Photo credit: http://www.history.com/topics/challenger-disaster
This was especially exciting because there was a school teacher, Christa McAuliffe, on board. It was the first time such an event was to take place. Students around the world resonated with this event because a model they could relate to, was on board. A teacher, a person they knew and understood, was going into space. In some areas, children were downright giddy with excitement as the witnessed “their” teacher wearing an astronaut suit.
It didn’t lessen the importance of all the other Specialists on board. Each person there represented a part of our history, our culture. This was a big deal, and we were watching it live! Finally, NASA had the spacecraft down to sixty seconds, then what seemed like an eternity, down to ten. Our children counted down with them and in a breath, the spacecraft lifted up and launched into the air. It was history and it was amazing.
Seventy-three seconds later, what seemed like barely a blink, compared to the waiting of the countdown, the unthinkable happens. The Space Shuttle Challenger, disintegrated. We watched in horror as they replayed the clip again and again. Nothing except fragments and broken lives, dreams and unequaled horror as all who watched, grasped the finality of the event; death of every person on the spacecraft.
As I look back on this historic event I can’t help but contemplate how far we’ve come. I’m not just talking about in space exploration; there are significant scientific strides in many other areas, as well. But not all forward strides have necessarily moved us forward.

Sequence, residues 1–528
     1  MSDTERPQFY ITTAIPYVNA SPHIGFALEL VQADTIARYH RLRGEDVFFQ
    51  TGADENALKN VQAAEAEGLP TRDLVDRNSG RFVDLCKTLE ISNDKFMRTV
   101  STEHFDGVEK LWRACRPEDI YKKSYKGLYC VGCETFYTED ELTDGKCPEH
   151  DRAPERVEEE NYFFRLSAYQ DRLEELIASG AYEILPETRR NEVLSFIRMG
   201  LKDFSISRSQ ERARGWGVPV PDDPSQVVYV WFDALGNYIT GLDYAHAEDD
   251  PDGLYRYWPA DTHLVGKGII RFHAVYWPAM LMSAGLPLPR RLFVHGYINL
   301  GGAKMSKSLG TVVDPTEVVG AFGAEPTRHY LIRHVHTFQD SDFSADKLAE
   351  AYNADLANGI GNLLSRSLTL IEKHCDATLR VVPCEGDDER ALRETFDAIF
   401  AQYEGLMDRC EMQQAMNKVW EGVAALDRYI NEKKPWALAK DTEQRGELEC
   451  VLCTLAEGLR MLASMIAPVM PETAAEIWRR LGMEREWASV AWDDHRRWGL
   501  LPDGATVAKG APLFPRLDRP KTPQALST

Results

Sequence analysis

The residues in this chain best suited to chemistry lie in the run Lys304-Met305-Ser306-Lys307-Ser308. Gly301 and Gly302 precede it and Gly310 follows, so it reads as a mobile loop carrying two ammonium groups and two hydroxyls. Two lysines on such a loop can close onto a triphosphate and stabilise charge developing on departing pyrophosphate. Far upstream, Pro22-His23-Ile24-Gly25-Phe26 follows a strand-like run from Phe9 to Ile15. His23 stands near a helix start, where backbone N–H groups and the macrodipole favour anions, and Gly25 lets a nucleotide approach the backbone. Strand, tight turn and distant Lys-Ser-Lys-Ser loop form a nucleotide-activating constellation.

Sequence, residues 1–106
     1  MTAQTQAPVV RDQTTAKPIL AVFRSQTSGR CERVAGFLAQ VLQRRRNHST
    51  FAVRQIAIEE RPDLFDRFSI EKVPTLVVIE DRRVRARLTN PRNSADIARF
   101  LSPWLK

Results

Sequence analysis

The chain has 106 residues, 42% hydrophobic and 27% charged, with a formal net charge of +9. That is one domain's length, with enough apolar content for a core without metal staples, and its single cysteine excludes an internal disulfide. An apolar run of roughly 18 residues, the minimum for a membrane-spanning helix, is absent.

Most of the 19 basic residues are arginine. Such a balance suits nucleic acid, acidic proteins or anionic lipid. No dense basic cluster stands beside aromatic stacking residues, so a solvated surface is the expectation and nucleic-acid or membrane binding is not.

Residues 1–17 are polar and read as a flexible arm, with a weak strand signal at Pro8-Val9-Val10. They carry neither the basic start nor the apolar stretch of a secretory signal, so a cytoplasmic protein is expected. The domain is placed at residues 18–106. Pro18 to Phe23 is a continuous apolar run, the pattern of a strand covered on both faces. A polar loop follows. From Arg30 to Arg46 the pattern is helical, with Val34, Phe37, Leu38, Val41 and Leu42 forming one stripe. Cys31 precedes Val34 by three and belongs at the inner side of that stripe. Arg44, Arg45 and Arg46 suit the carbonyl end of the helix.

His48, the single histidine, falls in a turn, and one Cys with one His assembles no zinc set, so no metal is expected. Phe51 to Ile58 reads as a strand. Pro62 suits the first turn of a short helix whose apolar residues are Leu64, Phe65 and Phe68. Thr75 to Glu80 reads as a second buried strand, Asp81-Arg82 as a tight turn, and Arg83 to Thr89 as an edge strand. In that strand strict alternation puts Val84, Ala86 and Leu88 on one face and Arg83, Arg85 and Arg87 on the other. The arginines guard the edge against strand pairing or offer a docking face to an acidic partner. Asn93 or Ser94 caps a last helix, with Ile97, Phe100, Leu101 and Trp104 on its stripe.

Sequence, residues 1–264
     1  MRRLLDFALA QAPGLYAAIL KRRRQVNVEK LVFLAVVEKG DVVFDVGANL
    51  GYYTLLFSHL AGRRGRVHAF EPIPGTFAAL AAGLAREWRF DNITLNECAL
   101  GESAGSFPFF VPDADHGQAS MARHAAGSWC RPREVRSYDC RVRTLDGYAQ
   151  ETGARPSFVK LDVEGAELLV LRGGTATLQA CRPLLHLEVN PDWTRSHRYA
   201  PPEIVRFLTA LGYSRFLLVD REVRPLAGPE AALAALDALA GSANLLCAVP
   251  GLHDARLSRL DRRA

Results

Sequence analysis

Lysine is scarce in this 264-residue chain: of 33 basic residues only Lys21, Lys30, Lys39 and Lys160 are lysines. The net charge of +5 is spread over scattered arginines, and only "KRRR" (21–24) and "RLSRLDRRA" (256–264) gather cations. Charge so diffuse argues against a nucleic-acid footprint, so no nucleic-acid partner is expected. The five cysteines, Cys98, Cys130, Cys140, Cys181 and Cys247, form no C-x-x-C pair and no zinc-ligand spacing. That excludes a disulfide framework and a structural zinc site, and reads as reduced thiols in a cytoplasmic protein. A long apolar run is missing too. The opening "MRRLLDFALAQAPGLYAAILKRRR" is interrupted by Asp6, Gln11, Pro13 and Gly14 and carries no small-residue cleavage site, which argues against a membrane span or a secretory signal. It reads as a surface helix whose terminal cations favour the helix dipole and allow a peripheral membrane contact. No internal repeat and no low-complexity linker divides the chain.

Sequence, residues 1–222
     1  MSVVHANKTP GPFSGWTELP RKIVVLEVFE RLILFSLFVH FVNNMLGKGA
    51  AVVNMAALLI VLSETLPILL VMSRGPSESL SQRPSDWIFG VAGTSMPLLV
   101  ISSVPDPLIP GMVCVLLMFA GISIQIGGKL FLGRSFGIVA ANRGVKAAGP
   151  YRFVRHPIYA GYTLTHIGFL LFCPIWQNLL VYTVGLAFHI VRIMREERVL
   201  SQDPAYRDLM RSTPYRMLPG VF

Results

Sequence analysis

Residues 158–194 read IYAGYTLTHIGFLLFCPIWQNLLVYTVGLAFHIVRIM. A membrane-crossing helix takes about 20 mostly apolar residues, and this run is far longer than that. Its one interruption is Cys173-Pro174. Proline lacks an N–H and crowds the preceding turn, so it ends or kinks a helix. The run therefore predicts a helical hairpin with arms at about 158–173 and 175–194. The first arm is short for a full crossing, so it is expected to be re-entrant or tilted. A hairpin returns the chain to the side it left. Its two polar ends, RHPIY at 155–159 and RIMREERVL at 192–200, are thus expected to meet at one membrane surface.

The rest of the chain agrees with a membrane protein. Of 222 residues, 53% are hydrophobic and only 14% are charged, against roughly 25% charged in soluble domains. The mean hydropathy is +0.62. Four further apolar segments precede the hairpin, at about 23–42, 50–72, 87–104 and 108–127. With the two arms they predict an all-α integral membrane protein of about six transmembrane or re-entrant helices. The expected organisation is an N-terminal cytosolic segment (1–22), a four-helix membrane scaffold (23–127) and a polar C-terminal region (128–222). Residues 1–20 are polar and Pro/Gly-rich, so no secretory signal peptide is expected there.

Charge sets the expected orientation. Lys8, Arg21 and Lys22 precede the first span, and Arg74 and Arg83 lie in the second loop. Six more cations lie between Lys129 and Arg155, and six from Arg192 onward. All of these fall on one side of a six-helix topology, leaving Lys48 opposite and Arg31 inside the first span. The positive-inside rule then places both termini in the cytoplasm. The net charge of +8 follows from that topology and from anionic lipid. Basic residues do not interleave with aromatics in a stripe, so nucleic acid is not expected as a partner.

The medical world has made incredible improvements forward, even as new diseases continue to rear their ugly heads. Technology, cell phones and computers are a part of most every one’s life; social media has become so important physical conversation has become difficult; virtual reality video games thieve our young people, and so very much more has been dramatically changed since 1986. In some areas, subjects compared from 1986 to 2018 are unrecognizable!
My point to all this is history is important and each event is one more thing added to the chapter. The space shuttle Challenger was huge in the whole scheme of things and worthy of remembrance. But we’ve moved on to new and greater space exploration…..or have we? Sometimes it seems, like I mentioned earlier, the strides forward actually take us backward or at least down a sad, slippery, slope. Are all perceived forward movements really a move forward?
Perhaps my perspective is a bit cynical, which is unusual for me. But as I look at our world, the changes over the last 40 years, in my humble opinion, has not all been for good. Yes, the methodology has been there, the interest and even the funding. That doesn’t, however, necessarily make it all good and right.
I invite you to share your opinions with our advancement in society. How far have we really come since the Challenger disaster?